One of the more illuminating spectacles from Mother Nature's bag of tricks takes place in February at California's Yosemite National Park just before sunset and is only visible for a few minutes. But that's enough to satisfy roughly 2,000 curious visitors who made a 2019 pilgrimage to the park's granite cliff of El Capitan and watched the illusion of the Horsetail Fall turning from a cascade of water into a fiery flow.

This year, what locals and park officials call the Horsetail Firefall is slated to repeat its annual cameos at El Capitan during the last two weeks of the month, most likely beginning Feb. 12. Depending on conditions, the fall could change into a bright orange or even an angry crimson. But if it's cloudy the effect won't appear at all. Most regulars to this annual light exhibition usually factor in the weather to ensure they get at least one chance to see the phenomenon.


It's called the Firefall for a reason

It's easy to see how Horsetail Fall got its name since the water formation does resemble an equine tail. As for firefall, well, use your imagination. The display of a hellish glow emitting from a crack in the cliff is similar to the way the caverns of Mordor in The Lord of the Rings trilogy projected the evils that lurked within.

Despite the supernatural vibe, credit science for rationally explaining the effect. The position of the sun in the sky this time of year provides the perfect angle for its rays to shine on the falls, which reflects that sunlight to complete the effect. Technically, the sun is in that same position in the sky during October; unfortunately, the Horsetail Fall is largely dependent on snowmelt, which would have long dissipated by then.

This year, according to CNN, audiences may be in for a real treat. The snowpack has been larger than usual, meaning the falls will be bigger than usual, which should also make the effect even larger.

Related: 10 American National Parks That Are Great To Visit In The Fall

A hidden secret for years

The firefall has probably existed for thousands of years, but it's only been recently that the phenomenon has become publicly known. It was common knowledge among the aboriginal Awahneechee nation for years and was subsequently discovered by white explorers in 1851. Interestingly, none of them made a big deal about the find. Naturalist John Muir, who reputedly knew every inch of the territory and was responsible for creating the borders of Yosemite National Park in 1889, never once even mentioned Horsetail Fall.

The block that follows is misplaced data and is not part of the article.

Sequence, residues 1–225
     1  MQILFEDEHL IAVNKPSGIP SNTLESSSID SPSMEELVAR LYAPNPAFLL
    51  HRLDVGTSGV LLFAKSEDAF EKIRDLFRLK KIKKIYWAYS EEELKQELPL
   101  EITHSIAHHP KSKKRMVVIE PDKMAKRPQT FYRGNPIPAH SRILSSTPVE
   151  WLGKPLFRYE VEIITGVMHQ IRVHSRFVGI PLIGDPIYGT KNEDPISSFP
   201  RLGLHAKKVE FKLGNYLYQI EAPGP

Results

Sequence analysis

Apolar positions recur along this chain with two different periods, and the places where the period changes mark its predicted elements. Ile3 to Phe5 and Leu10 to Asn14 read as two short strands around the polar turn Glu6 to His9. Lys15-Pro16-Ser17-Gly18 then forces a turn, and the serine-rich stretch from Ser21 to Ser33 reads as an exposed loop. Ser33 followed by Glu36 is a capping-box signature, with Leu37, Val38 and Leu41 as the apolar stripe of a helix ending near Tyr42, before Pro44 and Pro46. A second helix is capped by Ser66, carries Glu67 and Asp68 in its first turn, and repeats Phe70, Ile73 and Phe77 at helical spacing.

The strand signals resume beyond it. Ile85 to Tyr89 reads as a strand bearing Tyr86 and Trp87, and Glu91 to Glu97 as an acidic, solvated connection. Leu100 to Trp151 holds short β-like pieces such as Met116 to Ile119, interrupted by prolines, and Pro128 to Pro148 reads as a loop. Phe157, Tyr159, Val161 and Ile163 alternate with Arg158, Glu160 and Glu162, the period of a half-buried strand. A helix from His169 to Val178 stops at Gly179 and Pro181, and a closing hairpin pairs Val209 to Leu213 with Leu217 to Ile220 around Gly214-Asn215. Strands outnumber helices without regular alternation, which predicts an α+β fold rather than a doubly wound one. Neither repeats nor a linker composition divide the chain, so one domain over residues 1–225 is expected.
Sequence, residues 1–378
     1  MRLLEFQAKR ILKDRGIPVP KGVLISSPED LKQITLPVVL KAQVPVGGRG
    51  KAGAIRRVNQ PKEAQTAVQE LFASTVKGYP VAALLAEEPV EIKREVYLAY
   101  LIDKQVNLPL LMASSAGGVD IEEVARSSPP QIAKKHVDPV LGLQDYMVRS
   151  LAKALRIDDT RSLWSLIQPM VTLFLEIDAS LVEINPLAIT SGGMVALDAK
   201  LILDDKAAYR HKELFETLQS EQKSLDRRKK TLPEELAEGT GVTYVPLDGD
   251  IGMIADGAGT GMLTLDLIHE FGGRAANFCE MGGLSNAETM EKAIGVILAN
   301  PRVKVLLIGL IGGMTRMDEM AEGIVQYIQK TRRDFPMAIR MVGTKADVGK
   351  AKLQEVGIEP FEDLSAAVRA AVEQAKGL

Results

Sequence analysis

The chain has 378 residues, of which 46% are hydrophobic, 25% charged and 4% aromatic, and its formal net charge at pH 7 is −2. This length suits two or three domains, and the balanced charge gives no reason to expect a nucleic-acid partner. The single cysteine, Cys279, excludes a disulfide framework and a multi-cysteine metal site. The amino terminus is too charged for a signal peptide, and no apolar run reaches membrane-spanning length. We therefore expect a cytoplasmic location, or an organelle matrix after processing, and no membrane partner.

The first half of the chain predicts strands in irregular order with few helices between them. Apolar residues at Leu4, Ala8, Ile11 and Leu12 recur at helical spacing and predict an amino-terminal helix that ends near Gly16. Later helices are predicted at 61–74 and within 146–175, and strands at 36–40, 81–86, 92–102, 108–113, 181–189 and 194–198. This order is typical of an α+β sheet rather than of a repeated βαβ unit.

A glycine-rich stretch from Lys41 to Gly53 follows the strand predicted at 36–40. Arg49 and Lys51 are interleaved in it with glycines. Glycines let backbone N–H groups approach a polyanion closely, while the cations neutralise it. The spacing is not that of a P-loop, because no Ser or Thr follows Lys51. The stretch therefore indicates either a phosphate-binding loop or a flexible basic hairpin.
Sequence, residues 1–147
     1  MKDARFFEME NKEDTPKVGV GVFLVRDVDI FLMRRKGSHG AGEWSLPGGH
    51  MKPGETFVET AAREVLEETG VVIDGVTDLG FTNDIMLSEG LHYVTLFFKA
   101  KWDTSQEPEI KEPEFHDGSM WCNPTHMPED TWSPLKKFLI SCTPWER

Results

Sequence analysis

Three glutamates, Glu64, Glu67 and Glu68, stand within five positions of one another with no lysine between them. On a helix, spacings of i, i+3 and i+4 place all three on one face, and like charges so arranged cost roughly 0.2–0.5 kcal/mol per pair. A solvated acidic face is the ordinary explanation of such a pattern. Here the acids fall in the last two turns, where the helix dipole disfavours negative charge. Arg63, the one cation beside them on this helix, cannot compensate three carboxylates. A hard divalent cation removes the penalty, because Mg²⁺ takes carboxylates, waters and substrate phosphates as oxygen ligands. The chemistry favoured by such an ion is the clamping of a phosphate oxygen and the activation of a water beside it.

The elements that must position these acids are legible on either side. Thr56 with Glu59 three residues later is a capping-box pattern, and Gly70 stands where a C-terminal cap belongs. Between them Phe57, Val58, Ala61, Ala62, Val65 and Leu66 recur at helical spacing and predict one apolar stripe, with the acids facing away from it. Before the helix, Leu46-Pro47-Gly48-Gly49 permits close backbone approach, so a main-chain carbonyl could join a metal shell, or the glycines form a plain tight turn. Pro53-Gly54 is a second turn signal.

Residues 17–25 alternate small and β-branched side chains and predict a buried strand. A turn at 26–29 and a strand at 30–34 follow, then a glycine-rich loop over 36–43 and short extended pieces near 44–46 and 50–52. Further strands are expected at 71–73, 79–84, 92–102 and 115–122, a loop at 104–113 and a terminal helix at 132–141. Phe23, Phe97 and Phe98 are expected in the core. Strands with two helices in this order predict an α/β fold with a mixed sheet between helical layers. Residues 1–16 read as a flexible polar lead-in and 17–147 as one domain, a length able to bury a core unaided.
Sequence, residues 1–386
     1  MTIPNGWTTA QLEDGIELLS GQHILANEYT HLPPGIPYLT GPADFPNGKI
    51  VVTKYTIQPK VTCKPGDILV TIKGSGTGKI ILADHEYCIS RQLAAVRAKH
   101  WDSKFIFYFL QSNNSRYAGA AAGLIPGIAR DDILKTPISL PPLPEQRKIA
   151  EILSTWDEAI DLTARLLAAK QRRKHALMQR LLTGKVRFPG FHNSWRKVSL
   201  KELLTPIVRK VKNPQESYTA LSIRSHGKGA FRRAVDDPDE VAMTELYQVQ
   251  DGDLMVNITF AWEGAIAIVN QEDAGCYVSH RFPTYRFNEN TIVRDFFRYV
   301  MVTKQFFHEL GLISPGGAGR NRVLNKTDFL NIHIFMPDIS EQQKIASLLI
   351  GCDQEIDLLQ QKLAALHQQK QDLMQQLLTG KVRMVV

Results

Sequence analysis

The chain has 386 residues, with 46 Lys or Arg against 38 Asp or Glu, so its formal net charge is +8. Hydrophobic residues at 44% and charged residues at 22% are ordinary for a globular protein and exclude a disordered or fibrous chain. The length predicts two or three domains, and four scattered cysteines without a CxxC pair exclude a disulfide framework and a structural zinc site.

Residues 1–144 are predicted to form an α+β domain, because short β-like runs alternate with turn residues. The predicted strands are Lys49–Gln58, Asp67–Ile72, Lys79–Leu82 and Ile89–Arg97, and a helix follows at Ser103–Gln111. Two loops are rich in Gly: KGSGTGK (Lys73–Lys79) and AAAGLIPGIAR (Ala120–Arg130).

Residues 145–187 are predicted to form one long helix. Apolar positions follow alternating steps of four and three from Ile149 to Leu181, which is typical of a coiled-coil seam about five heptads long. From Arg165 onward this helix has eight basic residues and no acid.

It wasn't until 1973 when photographer Galen Rowell first captured an image of the firefall in its blazing glory. But its popularity never ventured beyond the circles of budding photographers and outdoor adventurers, until digital photography and social media provide ample opportunities for others to share their images of the effect worldwide.

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How do you get there?

Until recently you needed reservations to stay in Yosemite in order to catch the firefall, but park officials have since lifted that requirement so more people can witness the effect. Much of that has to do with the fact that more firefall-savvy folks have booked all the accommodations in the park well in advance. That said, you might find rooms at hotels in nearby towns like El Portal, Midpines, Mariposa, Groveland, and Oakhurst.

Getting to Yosemite, 170 miles east of San Francisco, is easy. The park, nestled in the Sierra Nevada Mountains, much of it in central California, has five main entrances, including those located right by Fresno, CA and Reno, NV. You can ask for directions to Yosemite Lodge or take advantage of the Yosemite Valley Shuttle System, which will also get you there.

Yosemite has sanctioned a parking area at the lodge, but beyond that point, spectators have to hoof it to the marked viewing spot, which will be as close as you can get to Horsetail Fall.

Related: 10 National Parks That Should Be On Your Bucket List

Good luck getting a close-up, though

If you're going to take pictures of the firefall, make sure you've got a good zoom lens on your camera or a similar function on your smartphone because tourists are no longer allowed to get any closer than the designated area. Up until this year, there used to be three viewing areas, but because of environmental damage to the park caused by increased traffic, officials have decided to close two of the spots.

One of the areas was near a bank of the Merced River, and with more tourists than expected, that left many visitors having to watch from the bank. Unfortunately, that pedestrian traffic trampled valuable vegetation causing the bank to erode. Officials also complained of litter scattering the surroundings once the firefall spectacle was over.

The one that remains open is the El Capitan picnic area, roughly a 1.5-mile hike from the lodge. Park officials recommend all tourists dress warmly.

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